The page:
How to Move Forward
The best way to sum up what I’ve written here is that LIS is passive aggressive and conflict averse because conflict mediation runs counter to its white supremacist roots.
I did not intend to dissect white supremacy in this post, so much as address the particular way it contributes to a particular type of dysfunction in LIS. For more information on white supremacy in organizations, “White Supremacy Culture in Organizations” is a good starting point. As to addressing the root causes of LIS conflict failure I’ve written about here, a blend of ongoing DEIA education, organizational/personal assessment, and practiced social skills are required. DEIA programming is common, but the latter items are less universally emphasized. Concepts like organizational justice and assessment of power structures are typically taught in courses on organizational and knowledge management, and are seen as topics that should only be learned by those looking to enter leadership positions. I contend that’s untrue.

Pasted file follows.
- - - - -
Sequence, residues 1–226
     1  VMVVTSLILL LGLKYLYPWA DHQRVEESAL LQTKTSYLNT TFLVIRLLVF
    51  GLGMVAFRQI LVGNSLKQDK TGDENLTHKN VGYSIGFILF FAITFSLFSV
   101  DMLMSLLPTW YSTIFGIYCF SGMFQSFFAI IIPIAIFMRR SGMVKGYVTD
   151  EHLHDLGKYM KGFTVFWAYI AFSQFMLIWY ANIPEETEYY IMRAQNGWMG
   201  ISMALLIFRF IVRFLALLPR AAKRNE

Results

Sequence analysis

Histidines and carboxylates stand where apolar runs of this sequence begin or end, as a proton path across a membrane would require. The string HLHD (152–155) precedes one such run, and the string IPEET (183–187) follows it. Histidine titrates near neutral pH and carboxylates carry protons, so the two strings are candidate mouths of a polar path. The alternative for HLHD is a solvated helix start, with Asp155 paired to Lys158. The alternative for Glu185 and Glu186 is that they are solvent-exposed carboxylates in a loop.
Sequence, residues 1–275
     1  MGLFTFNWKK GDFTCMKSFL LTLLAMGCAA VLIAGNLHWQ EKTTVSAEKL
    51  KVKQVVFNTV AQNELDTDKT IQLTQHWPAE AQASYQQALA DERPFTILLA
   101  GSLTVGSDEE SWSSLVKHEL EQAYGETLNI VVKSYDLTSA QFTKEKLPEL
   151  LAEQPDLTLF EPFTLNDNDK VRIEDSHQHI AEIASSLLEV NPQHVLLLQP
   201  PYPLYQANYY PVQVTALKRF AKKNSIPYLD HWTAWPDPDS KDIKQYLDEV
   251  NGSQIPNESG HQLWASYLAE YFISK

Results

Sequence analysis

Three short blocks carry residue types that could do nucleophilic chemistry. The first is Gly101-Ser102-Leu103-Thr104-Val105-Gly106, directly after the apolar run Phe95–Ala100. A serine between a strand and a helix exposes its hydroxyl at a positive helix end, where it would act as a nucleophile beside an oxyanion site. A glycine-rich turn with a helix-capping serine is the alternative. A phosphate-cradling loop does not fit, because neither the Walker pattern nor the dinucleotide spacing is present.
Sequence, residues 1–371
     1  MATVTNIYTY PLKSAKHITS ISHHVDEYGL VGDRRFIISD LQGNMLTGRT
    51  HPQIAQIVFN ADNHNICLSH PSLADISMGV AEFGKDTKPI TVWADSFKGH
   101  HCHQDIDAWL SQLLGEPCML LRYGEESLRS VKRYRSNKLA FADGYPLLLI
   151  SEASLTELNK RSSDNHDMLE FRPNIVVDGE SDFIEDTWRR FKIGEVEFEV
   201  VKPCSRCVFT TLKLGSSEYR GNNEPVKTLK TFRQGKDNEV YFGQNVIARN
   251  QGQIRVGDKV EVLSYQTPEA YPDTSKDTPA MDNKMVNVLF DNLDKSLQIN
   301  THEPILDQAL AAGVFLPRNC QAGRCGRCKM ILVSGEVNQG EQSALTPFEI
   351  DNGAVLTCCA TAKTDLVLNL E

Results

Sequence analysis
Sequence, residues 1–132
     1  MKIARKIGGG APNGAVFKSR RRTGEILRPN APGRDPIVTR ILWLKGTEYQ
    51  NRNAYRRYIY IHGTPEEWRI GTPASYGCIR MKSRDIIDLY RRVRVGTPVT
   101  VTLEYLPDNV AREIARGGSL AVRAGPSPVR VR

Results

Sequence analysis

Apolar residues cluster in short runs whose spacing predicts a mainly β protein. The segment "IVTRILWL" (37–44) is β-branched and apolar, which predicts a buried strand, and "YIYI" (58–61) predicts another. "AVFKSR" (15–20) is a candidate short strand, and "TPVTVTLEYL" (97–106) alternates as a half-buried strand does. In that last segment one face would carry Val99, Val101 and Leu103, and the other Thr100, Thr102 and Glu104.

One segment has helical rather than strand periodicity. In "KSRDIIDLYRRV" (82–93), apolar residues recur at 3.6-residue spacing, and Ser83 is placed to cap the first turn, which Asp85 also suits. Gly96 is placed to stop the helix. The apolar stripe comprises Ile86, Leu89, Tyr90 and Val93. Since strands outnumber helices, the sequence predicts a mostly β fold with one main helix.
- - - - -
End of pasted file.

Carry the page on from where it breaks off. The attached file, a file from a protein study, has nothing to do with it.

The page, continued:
I would like to see more widely available continuing education opportunities on how organizations work. One topic that’s on my webinar wish list is measuring and assessing power dynamics. I would love to see more of this mixed in with DEIA programming. Social skills should also be included in more continuing education opportunities. Social skills, like conflict, are seen as purely interpersonal, with little recognition of the way they are inseparable from structural outcomes. Resources like these Conflict Mediation Guidelines provided by Stanford, or this Active Bystander Orientation from DLF that I helped organize (link to webinar in write-up), are good starting points, but there is a need for so much more. There is more of an emphasis to develop social skills for public service staff, who are often encouraged to attend various trainings on dealing with diverse patrons. It would be great to see this attention applied to interacting with colleagues and peers.
Efforts on all of these fronts are the only way that LIS will resolve the issues I’ve listed here so that it can end its torrid love affair with passive aggression, avoid outcomes like the JMLA’s, and actually begin to benefit from conflict.